Georgetown University’s Newspaper of Record since 1920

The Hoya

Georgetown University’s Newspaper of Record since 1920

The Hoya

Georgetown University’s Newspaper of Record since 1920

The Hoya

IPPOLITO: London Calling as NFL Looks to Grow

On Sunday, the NFL created a dangerous but exciting possibility for its business and for its globally growing fan base. This past weekend marked the second of three games this season played at Wembley Stadium in London, featuring an unusually exciting game between the playoff-caliber Detroit Lions (6-2) and the low-flying Atlanta Falcons (2-6).

Although the Lions won on a last-second field goal, it was also notable that any American with a television set and the desire to wake up a bit early on a Sunday morning could watch it. Instead of kicking off at the usual 1 p.m. start time, the Falcons and Lions began at 9:30 a.m. on the East Coast and 6:30 a.m. on the West.

The NFL seems to be establishing a legitimate fan base internationally based on attendance at these London games. Aside from 2011, every game played in London since the international series started in 2007 has attracted over 81,000 fans. Strong and consistent attendance figures also show that the quality of the teams and the play does not seem to matter all that much.

While it is difficult to make predictions in April when schedules are finalized, it was probably a relatively safe bet that the Raiders and Jaguars, two of this year’s participants in the series, were going to be far from legitimate contenders. Yet English fans are still willing to spend their time and money watching bad teams and bad matchups. The NFL knows it has a captive audience that will consume any product placed before it.

But although it may make great business sense for the NFL to expand the international series and eventually have a team based out of London, this is a mistake and it should refrain from doing so. By giving its fan and consumer base more of what it wants, the NFL grows more powerful, but it experiences less pressure for the structural change it needs.

The possibility of a franchise based overseas has been met with a very warm political reception as well. Last week, Great Britain’s Chancellor of the Exchequer George Osborne held talks with the NFL about eventually bringing a team to play in London permanently. Obsorne was quoted as saying that “anything the government can do to make this happen we will do because I think it would be a huge boost to London.”

Herein lies the danger. The NFL already has massive political influence here in the United States and is the recipient of many old, unnecessary tax breaks. Despite the legal trouble its players and executives continually seem to find themselves in, the league’s power has not diminished.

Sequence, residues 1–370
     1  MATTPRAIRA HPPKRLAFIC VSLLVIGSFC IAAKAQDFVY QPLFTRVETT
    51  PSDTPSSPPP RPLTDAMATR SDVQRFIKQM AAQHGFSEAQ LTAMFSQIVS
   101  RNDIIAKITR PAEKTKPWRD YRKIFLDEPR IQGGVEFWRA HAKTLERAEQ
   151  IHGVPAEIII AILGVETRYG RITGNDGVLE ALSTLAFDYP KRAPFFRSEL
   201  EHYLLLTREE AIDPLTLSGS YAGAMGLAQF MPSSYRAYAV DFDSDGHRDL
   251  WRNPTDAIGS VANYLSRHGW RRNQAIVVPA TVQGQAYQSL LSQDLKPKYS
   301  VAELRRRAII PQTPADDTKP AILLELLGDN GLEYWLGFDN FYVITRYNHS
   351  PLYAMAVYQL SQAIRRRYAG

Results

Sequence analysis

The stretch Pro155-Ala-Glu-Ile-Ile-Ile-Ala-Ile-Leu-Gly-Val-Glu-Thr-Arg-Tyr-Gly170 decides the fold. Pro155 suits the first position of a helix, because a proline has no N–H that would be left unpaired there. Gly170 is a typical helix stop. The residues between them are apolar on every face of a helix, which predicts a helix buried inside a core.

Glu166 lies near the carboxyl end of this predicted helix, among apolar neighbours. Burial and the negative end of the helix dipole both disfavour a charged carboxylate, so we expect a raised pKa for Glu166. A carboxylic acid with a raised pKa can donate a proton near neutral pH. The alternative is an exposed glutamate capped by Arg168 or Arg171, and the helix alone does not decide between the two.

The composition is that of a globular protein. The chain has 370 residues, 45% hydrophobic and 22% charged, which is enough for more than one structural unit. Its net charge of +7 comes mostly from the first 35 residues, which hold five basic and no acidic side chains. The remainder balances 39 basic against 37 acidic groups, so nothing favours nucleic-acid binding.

Osborne’s quote implies that Britain would be willing to give the NFL similar advantages and special treatment. Such an act would further legitimize the NFL’s current system of arbitrary punishment while giving it fresh streams of revenue. The myriad benefits for the NFL decrease any incentive for self-reform itself because they are being rewarded despite their abject failure to uphold the social responsibility that they possess.

Moreover, scheduling would be a huge obstacle. By all indications, the NFL does not plan to expand the number of teams beyond its current number of 32. Doing so would disrupt the current format of four teams per division and four divisions per conference.

Proponents of a London franchise propose that the team’s home and road games can just be played consecutively, with the team spending half the year in London and half the year in the United States. However, the players have families back in the States, and suggesting that they spend over two months isolated from their families is not what this league, which has struggled to deal with domestic abuse issues, should be advocating.

Furthermore, there could be an issue with player discipline. Last week the Lions sent defensive tackle C.J. Cosley home from London, suspending him two weeks for a violation of team rules. Although no specifics were given, the situation poses interesting questions as to what would happen with player discipline given the necessity of overseas travel and working under a different legal system.

Finally, some players would just refuse to play. Cincinnati Bengals offensive tackle Andrew Whitworth stated over the summer that he would rather retire than play for a London-based team. As the Bengals’ representative to the NFL Players’ Association, he feels a majority of players would dislike playing for a London franchise. The last thing the NFL needs to add to its list of problems is labor issues, especially given the negative public image of Commissioner Roger Goodell and the league’s inaction on concussions and various long-term injuries, which has already caused a rift with the players.

While 14 hours of football every Sunday might be every couch potato’s dream, this dream should go unrealized. Although it’s great that the NFL wants to share America’s game with the world, the status quo is much preferable to bringing London into the picture.

Mike Ippolito is a sophomore in the College. The Water Cooler appears every Tuesday.

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